The Broadcasting Standards Council makes weighty recommendations on
what we can and cannot see. By what right, asks Andrew Calcutt, do its members
influence what's on TV?
Whose finger on your button?
'What is important is a means of independent scrutiny. We can contribute
from an independent point of view.' At the July press launch of the Broadcasting
Standards Council's annual report, Lady Elspeth Howe, the newly appointed
chair, praised the 'independent' role of the council and cited its contribution
to the demise of satellite-porn station Red Hot Dutch. But what exactly
is the role of the Broadcasting Standards Council (BSC)? Who are its members?
And in what sense are they independent?
Established in May 1988, the BSC became a statutory body under the Broadcasting
Act 1990. It has five main tasks: to draw up and review a code of practice
which broadcasters must reflect (a revised code will be published towards
the end of 1993); to monitor programmes and make reports; to commission
research into such matters as the portrayal of violence and sexual conduct;
to consider complaints and make findings on them; to represent the United
Kingdom on international bodies concerned with setting standards for television
The government provides the BSC with a substantial grant. In the financial
year ending 31 March 1993, the council received grants totalling £1,267,143.
The Department of National Heritage, Film, Tourism, Sport and Broadcasting
provided £842,143. The remainder (£425,000) came from Administration,
Immigration and Police Support Services at the Home Office.
So it turns out that the BSC is not 'independent' at all: it is a quango,
set up and wholly financed by the Tory government. But what about the individual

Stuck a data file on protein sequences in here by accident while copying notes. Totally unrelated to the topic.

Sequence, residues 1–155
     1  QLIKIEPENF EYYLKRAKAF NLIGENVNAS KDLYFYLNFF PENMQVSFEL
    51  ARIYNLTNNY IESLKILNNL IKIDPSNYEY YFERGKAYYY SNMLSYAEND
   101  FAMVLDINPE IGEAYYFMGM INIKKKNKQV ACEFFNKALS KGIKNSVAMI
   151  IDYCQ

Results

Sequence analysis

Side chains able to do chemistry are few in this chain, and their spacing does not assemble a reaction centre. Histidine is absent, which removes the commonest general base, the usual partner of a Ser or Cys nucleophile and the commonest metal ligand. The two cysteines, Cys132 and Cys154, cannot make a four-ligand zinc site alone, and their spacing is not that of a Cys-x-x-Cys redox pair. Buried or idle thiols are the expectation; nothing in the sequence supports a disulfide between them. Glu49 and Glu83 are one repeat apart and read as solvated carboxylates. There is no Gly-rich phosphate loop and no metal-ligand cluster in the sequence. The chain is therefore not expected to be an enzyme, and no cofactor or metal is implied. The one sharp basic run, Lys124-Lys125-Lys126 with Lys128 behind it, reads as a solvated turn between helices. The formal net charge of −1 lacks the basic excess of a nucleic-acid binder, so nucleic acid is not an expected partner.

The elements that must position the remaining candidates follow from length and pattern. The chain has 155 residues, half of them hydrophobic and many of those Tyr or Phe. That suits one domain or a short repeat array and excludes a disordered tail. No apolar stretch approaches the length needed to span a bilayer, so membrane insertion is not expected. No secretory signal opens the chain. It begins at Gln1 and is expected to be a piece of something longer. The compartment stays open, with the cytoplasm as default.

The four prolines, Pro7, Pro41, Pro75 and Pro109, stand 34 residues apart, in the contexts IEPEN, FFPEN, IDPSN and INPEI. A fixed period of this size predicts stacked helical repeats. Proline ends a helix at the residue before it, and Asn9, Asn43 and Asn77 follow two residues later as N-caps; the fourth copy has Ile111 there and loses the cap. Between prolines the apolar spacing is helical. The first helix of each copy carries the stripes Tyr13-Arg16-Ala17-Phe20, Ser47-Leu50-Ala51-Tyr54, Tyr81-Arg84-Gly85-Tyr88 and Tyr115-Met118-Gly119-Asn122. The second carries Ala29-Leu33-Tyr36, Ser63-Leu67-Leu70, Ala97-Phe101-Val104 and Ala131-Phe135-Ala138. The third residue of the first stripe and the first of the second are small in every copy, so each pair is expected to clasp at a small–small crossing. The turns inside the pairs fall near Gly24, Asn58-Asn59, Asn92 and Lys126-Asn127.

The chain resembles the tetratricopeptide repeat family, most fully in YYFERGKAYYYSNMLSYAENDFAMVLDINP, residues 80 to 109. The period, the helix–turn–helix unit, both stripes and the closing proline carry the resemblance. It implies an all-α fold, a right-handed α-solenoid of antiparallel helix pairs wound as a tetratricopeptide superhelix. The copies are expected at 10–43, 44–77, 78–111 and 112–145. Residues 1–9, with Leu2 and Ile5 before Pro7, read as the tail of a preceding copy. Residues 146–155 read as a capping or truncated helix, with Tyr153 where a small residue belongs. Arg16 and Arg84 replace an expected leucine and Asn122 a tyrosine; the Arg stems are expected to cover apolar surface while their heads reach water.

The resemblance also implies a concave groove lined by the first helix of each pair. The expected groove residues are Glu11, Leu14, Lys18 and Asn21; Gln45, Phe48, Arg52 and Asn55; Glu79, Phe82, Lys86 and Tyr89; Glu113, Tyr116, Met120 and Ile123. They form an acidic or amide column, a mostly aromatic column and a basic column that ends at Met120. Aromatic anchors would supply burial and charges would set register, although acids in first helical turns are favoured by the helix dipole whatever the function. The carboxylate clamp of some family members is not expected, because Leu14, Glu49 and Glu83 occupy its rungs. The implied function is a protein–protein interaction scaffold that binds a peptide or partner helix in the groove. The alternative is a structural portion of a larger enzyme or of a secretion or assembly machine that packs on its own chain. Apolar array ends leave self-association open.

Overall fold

members of the council? Can they be said to be independent?
The annual report for 1992-93 states: 'members of the council are appointed
by the Secretary of State for National Heritage'. The key appointee to date
was Lord Rees-Mogg, who chaired the council until June 1993. Rees-Mogg was
the founding father of the BSC, and his ethos remains paramount. But he
can hardly be described as 'independent': he has been among the governing
circles of Britain for 30 years.
Lord Rees-Mogg is a former editor of the Times, vice-chairman of
the BBC board of governors and chairman of the Arts Council. He is currently
chairman and proprietor of Pickering & Chatto Ltd, and a director of
GEC. He was much in the news this year for his efforts to prevent ratification
of the Maastricht Treaty. In matters of morality he is a Catholic conservative,
and his favourite century is the eighteenth.
The Daily Telegraph recently ran an article on Rees-Mogg's habit
of making woefully inaccurate political prophesies (Heseltine to succeed
Thatcher, for example). The article concluded: 'the problem with Rees-Mogg
is not that he was wrong...but that he feels compelled, despite all his
previous blunders, to sound omniscient.'
Throughout his five-year stint in charge of the BSC, Rees-Mogg was presented
as an independent authority on broadcasting. Programme-makers were required,
by law, to take heed of his 'independent scrutiny' of their work. Yet his
track record in public life sheds light on the real Rees-Mogg: not independent,
but a member of the Oxbridge in-crowd; a peer of the realm; a British eccentric
inextricably linked to the establishment, and too pompous even for the Daily
The most recent government appointee to the BSC is Lady Howe, who took over
from Rees-Mogg in June. Wife of former Tory cabinet minister Sir Geoffrey
Howe and former deputy-chair of the Equal Opportunities Commission, she
was Margaret Thatcher's bitter rival for the role of top Tory woman during
The pronouncements issuing from the BSC are no more independent than its
well-connected, government-appointed leaders. Examination of the work of
the BSC reveals that its outlook is deeply imbued with all of the prejudices
and patronising attitudes of the small-talk in a Tory Party tea-room.
'An ugly society'
The starting-point of the council's code of practice is 'concern about the
effects on violent crime of violence on television...the possibility that
regular exposure will desensitise the audience...fear [of] a copy-cat effect'.
In fact, nobody has ever been able to substantiate the claim that the portrayal
of violence on television has any such effect on viewers. Even the BSC feels
bound to admit that 'the evidence supporting or running contrary to these
fears is not conclusive'.
However, the lack of hard evidence is no obstacle to the BSC's determination
to impose tighter controls on violence on television: 'in the absence of
an answer, the council takes the view that a society which delights in or
encourages cruelty or brutality for its own sake is an ugly society, set
on a path of self-destruction.' In the absence of an answer, the BSC has